Articles Tagged with Litigation Funding

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April is National Financial Literacy Month as an effort to highlight the importance of financial literacy and teach Americans how to establish and maintain healthy financial habits.

Most Americans are living paycheck to paycheck. That means they will not be prepared financially when an emergency, such as a serious auto accident, occurs. Once a lawsuit is filed, a personal injury victim may wish to seek lawsuit funding to replace immediate income and bridge the gap until a settlement is reached.

With over 19 years’ experience, Lawsuit Financial is one of the oldest litigation funding companies in the industry. We have developed an excellent reputation among plaintiffs and attorneys for our honesty, care, and personal touch.  When a client contacts us, we don’t just take their application.  We take time with each client to understand their financial situation.

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In the 2018 NCAA Tournament on Saturday, it seemed the Houston Cougars had victory over Michigan in the bag. How could 4 seconds change everything?

Houston’s Devin Davis was at the line with four seconds on the clock; his team was up by two points. A make would’ve meant Michigan could do no better than force overtime; two makes would’ve iced the game and pushed Houston into the Sweet 16. Davis missed both shots. Then it happened. Michigan grabbed the rebound on the second miss. In a desperate situation, freshman Jordan Poole sunk a 3-pointer from about 28 feet as the final buzzer sounded, giving Michigan a dramatic 64-63 win.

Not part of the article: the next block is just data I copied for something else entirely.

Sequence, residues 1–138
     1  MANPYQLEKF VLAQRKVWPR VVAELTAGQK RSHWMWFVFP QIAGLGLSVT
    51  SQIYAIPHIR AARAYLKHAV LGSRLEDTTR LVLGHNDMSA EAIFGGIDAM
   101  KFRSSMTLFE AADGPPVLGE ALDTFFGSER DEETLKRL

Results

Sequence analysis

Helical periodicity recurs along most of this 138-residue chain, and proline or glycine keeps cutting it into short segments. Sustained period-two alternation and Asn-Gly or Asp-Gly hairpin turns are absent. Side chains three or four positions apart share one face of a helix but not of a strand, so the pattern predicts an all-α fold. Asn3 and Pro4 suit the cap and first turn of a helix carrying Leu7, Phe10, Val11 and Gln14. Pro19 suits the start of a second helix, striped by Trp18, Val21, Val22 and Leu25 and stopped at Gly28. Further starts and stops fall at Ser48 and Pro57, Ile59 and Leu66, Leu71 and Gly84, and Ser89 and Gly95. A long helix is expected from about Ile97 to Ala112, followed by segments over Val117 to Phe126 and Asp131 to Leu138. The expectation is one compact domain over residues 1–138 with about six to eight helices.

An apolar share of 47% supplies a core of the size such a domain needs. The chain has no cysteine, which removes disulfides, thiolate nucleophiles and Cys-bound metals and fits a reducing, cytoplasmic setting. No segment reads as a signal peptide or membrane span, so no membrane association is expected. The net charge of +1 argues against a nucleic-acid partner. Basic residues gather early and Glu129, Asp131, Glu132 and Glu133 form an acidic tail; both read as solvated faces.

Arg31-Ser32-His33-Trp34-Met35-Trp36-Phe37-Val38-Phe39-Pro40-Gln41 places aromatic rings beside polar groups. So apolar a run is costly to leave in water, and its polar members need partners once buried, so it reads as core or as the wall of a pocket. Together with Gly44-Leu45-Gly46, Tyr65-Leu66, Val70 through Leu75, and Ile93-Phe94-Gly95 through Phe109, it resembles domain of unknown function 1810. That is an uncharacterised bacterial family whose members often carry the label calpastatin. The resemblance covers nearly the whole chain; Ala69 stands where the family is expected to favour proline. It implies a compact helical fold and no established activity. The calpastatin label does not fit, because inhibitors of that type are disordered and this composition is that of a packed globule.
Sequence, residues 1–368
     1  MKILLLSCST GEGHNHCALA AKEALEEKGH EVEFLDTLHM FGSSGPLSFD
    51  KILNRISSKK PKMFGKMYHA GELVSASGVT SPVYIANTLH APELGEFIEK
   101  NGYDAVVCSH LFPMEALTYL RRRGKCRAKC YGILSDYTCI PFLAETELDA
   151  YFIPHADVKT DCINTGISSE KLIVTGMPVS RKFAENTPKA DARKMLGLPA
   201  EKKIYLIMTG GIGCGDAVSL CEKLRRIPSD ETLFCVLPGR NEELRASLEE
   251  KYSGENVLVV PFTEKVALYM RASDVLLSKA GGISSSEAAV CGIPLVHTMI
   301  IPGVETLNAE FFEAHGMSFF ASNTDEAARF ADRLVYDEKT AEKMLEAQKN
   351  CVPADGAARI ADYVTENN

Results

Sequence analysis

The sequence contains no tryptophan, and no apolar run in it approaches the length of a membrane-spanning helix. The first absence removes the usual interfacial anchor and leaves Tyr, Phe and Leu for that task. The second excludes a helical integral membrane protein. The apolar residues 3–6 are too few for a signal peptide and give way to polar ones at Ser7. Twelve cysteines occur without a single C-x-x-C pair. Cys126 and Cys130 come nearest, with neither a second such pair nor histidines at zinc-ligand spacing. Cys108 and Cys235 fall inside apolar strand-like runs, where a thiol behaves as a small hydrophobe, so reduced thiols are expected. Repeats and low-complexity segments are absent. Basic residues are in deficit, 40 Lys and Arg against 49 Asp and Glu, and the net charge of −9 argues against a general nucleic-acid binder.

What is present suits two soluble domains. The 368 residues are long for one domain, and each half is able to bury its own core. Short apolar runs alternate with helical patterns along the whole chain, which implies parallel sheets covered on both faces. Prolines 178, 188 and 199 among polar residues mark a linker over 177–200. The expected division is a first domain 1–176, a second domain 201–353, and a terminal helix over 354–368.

Life can also change in seconds. It is likely that few people stop to consider that simply getting in the family car can be a life-altering decision. Sadly, for too many, serious auto accidents can change their lives forever. Victims may be unable to work and earn a living. A family might have lost the sole breadwinner. While some people just need time to recover, others need surgery or may be permanently disabled.

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A six-year-old girl was killed after a school bus she was riding in overturned in Georgia. Five others, including the driver, were treated for minor injuries.

According to reports, the bus was traveling downhill. As the driver attempted to make a 90 degree left turn, the bus flipped on its side and slid several feet into the grass.  The little girl sustained serious injuries in the crash; she died that night in the hospital. The bus driver has been charged with a homicide by vehicle in the first degree and reckless driving, a misdemeanor. It is speculated that she was driving too fast; the posted speed limit on that stretch of roadway is 25 miles per hour.

The state Motor Carrier Compliance Division is assisting police with the ongoing investigation to determine what caused the crash, including whether speed was a factor or whether there was a mechanical failure or other explanation. In the meantime, the parents of the deceased young girl have sought attorney representation. It is unclear at this time if they will be pursuing legal action.

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A Philadelphia couple have filed a lawsuit alleging the man suffered serious head injuries after a ceiling tile and container fell on him while working at his desk.